One of the things you can do to keep the environment healthy is to change the area around you in a positive way.
Here are some of things I’ve found that are either easy for most people to do or if not easy are cool and a lot of fun!
Picking up litter
Something that pretty much anyone can do is to help clean up the trash and litter around the area you live in. Most people don’t have to travel too far from their homes to find an area where people have thrown their trash and left it laying around. Many areas have Adopt–A–Road Programs also where you can volunteer to help keep a stretch of highway clean from debris and litter. Individuals or groups are eligible, but an adult may be required to be present.
Composting, technically, is the aerobic decomposition of biodegradable organic matter or more simply it is the decaying of food, mostly vegetables and fruit. The end result – compost – is an extremely useful humus-like, soil which is great to use to increase the soil quality in a vegetable or flower garden. Items that can be composted include vegetable and fruit peelings and waste, leaves, grass clippings, sawdust and wood chips.
While composting may be difficult for people who live in apartments, for those who have a little bit of land it is a rather easy thing to do to help reduce the amount of waste going into landfills. For more information on composting see:
Get a Certified Backyard Wildlife Habitat
Another great thing to do is to get your backyard Certified as a Wildlife Habitat by the National Wildlife Federation. They have step-by-step instructions on their web site. Basically, you have to provide a few things for wildlife in your area:
- food sources
- water sources
- places for cover
- places to raise young and
- maintain your landscape in an environmentally friendly way
Its much easier than it sounds! It’s a great way to teach kids about wildlife too and something you can do together with your kids. They have certifications for schools, businesses and churches too.
I’ve been really excited about this program for years, but I’ll admit I’ve not yet got around to actually doing it. So this will be the thing I will pledge to do this Earthday. And I’m saying it here publically – so anyone reading has to hold me to it!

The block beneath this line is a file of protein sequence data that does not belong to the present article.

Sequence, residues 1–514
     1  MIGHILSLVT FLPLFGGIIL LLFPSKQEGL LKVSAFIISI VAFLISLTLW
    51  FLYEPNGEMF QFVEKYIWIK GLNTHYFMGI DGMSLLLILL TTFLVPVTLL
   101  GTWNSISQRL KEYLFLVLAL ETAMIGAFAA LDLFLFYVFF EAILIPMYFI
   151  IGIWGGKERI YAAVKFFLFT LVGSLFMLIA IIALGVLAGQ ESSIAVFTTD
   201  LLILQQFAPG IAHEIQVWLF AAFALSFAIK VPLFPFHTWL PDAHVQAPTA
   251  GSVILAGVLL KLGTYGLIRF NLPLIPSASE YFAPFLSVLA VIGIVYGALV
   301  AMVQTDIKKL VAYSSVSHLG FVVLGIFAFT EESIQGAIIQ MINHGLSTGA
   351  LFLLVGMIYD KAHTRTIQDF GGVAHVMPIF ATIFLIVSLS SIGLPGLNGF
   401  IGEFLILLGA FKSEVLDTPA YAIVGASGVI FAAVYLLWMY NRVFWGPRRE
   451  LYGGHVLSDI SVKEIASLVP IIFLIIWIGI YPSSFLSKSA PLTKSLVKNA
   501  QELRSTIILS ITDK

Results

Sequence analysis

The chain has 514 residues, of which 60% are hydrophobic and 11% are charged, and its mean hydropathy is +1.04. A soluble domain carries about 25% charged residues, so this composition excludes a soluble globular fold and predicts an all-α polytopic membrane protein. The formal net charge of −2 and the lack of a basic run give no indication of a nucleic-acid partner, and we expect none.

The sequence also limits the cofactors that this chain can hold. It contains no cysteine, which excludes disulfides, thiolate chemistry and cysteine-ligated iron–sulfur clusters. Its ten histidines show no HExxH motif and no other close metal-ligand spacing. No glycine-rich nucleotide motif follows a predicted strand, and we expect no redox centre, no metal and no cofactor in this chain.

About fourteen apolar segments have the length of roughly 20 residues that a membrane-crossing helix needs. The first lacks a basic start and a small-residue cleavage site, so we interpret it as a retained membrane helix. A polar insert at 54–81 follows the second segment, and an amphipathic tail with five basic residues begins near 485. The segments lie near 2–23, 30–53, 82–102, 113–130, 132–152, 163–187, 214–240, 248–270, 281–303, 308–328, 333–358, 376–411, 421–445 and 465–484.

The National Wildlife Federation has a presence on many social media web sites too – I’m sure you can ask them questions about the program there:
Butterfly and Native Plant Gardening
This is one my special personal interests. I even have a web site and blog about it! Butterfly gardening has been one of the most intellectually and spiritually satisfying things I’ve ever done. Gardening is a great way to get fresh air and exercise too – and it is also very relaxing once you have created a beautiful garden for butterflies and other wildlife to enjoy.
Butterfly gardening basically consists of growing two general categories of plants – host plants and nectar sources. Host plants are the ones that the adults lay eggs on and their babies eat. Each species of butterfly has only one or a few plants that it can lay eggs on. So, the presence of the proper host plants for each species of butterfly native to your area is absolutely necessary for the butterfly to continue to reproduce and exist.
Nectar sources are the plants that the adults feed on – although not all adult butterflies feed on flower nectar.
In general, planting lots of plants and trees native to your area is good for the ecosystem. So many species depend upon the presence of these plants for their food and shelter. And really, creating a butterfly garden pretty much satisfies most of the requirements for a backyard habitat as mentioned above. (And really means I have no excuse for not getting our yard certified!)
So, I plead, get down on my knees and beg to you to please try to do just this one thing, if nothing else: when buying flowers or other plants for your yard – please try to choose at least some that are native to your area!
And I must now stop or I could go on forever about butterfly gardening. Please visit my site or blog above if I haven’t bored you to tears already and you want to learn more!
Come back tomorrow for my next post in this Earthday series: Extend the use of the items you use and buy
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